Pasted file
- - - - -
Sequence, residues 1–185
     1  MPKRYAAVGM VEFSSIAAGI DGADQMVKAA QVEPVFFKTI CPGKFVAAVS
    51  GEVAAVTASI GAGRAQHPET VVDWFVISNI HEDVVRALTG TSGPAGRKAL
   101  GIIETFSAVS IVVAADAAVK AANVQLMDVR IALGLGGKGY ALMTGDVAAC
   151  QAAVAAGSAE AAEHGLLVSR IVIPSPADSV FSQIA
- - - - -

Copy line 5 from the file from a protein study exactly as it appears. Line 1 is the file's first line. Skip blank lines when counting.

   151  QAAVAAGSAE AAEHGLLVSR IVIPSPADSV FSQIA